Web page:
New technocrat Mexican leader unlikely pro-mining even as she replaces ‘whim and bombast’

Zocalo Square and Mexico City Cathedral. Claudia Sheinbaum is North America’s first elected female leader. Credit: Adobe Stock

Claudia Sheinbaum, a climate scientist, won Mexico’s election to become the country’s first female leader and is expected to continue the anti-mining policies of outgoing President Andres Manuel López Obrador.

Sheinbaum secured the most ballots on Sunday in the nation’s 200-year democratic history, as much as 61% of the vote, according to a sample count by the country’s electoral authority. The tally also predicts her coalition of parties will secure two-thirds of both houses of Congress, allowing it to change the constitution without the opposition’s consent.

“The country’s security situation and rising fiscal deficit, coupled with the strengthening of the Mexican peso, will represent critical challenges for her presidency,” Colin Hamilton, BMO Capital Markets director of commodities research, wrote in a note on Monday.

“From a mining sector perspective it is unclear whether this will mean any lifting of restrictions, such as the de facto ban on new open pit mines, though we would see this as only a possibility rather than a probability in the near term.”

Sheinbaum, a former mayor of Mexico City who has cited López Obrador as her mentor, campaigned on a platform of affordability and promises to tackle corruption. The election saw the murders of 37 candidates as drug cartels seek to control political outcomes.

Pros and cons

To her benefit, the president-elect with a doctorate in environmental engineering, exercised a technocratic approach to crime as mayor and enlisted the business community. But she faces challenges such as low investment from foreign companies new to Mexico, gangs smuggling drugs and migrants into the United States and the erosion of democratic institutions that may target judges next, according to The Economist magazine.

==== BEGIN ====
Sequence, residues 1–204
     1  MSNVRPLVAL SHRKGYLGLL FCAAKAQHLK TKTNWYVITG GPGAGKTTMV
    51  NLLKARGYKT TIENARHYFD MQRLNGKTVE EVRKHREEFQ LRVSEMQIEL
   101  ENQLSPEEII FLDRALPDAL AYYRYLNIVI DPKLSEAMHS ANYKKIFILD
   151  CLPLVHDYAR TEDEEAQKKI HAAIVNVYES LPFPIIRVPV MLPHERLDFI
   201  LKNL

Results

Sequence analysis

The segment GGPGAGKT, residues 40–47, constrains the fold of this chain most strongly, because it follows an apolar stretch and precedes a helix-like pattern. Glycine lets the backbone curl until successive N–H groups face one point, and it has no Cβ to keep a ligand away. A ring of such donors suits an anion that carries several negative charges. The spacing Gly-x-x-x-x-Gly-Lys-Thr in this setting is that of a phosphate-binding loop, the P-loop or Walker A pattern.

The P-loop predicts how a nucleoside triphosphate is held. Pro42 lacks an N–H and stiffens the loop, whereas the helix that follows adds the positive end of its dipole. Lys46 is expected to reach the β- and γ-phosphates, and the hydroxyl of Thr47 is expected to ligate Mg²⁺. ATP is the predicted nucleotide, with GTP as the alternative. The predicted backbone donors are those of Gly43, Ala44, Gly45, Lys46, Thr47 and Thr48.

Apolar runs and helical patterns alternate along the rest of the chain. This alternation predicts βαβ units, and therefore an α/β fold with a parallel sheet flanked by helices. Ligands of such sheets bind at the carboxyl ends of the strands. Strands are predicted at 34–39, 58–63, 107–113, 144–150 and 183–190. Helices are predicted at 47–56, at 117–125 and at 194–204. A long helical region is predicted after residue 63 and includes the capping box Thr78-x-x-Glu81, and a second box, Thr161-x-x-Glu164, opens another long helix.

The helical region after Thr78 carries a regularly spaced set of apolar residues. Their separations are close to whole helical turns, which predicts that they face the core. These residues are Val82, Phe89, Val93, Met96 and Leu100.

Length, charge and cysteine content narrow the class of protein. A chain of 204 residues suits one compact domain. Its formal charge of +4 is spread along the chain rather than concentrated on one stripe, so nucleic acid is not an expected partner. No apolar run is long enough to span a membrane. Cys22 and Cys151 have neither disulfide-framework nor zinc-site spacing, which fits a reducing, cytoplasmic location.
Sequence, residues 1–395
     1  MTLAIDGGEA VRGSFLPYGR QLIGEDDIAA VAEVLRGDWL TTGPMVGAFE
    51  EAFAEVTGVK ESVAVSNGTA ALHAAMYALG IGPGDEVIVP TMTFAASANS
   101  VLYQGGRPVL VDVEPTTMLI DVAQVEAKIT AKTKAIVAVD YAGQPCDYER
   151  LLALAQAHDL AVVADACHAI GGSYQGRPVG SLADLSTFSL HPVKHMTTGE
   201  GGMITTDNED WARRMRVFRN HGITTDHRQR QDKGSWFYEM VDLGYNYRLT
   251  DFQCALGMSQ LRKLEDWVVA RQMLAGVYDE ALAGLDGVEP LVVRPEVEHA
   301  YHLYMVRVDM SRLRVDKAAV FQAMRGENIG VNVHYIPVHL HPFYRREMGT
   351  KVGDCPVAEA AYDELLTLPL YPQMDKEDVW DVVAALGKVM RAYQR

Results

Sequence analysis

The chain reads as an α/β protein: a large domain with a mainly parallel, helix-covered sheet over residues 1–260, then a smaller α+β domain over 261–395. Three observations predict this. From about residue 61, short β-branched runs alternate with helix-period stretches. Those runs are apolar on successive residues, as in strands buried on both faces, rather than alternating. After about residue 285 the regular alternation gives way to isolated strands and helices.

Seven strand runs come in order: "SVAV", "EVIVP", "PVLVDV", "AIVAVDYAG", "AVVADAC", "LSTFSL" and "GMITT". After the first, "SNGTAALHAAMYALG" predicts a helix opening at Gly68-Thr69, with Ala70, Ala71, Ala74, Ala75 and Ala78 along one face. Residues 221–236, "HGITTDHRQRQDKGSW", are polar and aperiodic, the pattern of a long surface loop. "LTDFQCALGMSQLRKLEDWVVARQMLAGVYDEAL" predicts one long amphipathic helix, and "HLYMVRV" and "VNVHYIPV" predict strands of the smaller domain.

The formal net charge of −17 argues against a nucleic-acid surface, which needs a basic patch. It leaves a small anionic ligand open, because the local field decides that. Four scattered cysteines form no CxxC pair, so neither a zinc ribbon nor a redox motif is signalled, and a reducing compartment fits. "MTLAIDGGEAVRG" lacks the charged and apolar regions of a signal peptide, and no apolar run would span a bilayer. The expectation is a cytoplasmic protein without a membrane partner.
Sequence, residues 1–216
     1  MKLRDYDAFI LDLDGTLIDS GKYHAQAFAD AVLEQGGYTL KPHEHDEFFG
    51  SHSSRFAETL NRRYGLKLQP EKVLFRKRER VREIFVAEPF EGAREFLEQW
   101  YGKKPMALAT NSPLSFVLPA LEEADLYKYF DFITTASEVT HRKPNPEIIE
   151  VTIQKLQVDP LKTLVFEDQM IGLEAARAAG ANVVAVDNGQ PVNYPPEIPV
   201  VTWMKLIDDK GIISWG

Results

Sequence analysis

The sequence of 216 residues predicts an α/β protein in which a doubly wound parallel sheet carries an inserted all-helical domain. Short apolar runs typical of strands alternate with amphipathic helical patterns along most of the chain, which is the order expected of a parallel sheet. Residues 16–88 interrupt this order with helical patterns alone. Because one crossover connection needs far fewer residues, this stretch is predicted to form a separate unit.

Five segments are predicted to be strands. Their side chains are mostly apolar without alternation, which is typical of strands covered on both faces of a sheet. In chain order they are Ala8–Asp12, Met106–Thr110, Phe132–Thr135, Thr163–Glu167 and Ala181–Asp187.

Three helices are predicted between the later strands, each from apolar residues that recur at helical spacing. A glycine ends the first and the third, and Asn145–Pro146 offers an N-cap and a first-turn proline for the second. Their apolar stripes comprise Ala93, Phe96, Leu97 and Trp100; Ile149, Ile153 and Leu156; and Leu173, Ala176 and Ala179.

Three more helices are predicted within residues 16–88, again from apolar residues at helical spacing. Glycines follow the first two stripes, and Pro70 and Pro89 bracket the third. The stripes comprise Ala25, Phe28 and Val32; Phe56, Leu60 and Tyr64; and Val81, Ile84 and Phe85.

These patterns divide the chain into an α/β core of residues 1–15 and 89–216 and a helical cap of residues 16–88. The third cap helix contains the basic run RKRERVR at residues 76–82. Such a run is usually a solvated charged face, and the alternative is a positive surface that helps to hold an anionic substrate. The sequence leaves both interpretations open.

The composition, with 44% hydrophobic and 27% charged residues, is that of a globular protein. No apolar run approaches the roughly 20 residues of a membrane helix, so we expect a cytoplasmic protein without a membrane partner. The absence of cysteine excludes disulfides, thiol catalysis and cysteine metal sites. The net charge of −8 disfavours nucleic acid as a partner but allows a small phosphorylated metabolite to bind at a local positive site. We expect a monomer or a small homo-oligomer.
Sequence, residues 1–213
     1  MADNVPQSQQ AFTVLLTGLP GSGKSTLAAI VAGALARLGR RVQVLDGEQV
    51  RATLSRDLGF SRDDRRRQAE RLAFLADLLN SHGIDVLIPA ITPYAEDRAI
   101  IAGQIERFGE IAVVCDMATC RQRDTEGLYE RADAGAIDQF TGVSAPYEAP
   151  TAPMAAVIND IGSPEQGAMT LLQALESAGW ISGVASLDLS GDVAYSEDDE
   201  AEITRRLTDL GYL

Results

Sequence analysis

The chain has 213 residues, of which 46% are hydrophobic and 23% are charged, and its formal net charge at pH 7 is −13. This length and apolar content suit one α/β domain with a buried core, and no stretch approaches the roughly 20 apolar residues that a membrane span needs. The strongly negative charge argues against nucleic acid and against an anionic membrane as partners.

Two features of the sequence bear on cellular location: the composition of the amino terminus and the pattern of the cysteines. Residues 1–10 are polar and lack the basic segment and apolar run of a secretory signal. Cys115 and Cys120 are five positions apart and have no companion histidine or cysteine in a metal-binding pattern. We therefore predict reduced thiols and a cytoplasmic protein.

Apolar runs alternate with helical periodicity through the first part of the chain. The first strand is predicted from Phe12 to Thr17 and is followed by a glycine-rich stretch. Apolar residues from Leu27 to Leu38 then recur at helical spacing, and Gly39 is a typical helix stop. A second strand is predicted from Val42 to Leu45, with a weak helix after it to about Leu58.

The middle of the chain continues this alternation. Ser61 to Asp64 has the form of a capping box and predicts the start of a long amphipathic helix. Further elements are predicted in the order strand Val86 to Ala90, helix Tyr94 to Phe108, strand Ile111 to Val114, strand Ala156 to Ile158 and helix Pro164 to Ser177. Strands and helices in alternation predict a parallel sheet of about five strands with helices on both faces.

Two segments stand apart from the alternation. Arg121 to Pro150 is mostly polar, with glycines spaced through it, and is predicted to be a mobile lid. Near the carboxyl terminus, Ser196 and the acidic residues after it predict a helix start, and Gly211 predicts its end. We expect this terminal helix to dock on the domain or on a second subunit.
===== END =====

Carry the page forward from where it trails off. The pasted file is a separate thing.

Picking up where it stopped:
“Sheinbaum’s to-do list is clear: tackle disorder, boost trade and investment and strengthen democracy,” the London-based publication wrote on Monday. “Yet is she really up to the task? One fear is that despite her technocratic credentials and style she is a captive of Mr López Obrador’s agenda.”

The campaign saw Sheinbaum speak more about policy continuity and protecting López Obrador’s legacy than about her own proposals, the magazine noted. Her predecessor governed by whim and bombast, it said.

Peso falls

Mexico’s peso fell against the dollar after the initial election result as investors raised concerns about the ruling Morena party winning unchecked power in Congress.

The currency dropped about 4% against the Canadian dollar, to trade at the weakest level since November. One bought 12.88 pesos on Monday compared with 12.39 pesos on Saturday.

An opinion piece in The Wall St. Journal on Sunday said Sheinbaum’s government may seek to directly elect Supreme Court justices, end proportional representation for congressional seats, and eliminate the Federal Economic Competition Commission and the National Institute for Transparency, Access to Information, and Protection of Personal Information.

“The reforms would be bad for Mexico, although in the short run things might not change much,” Mary Anastasia O’Grady wrote. “The frog would boil slowly.”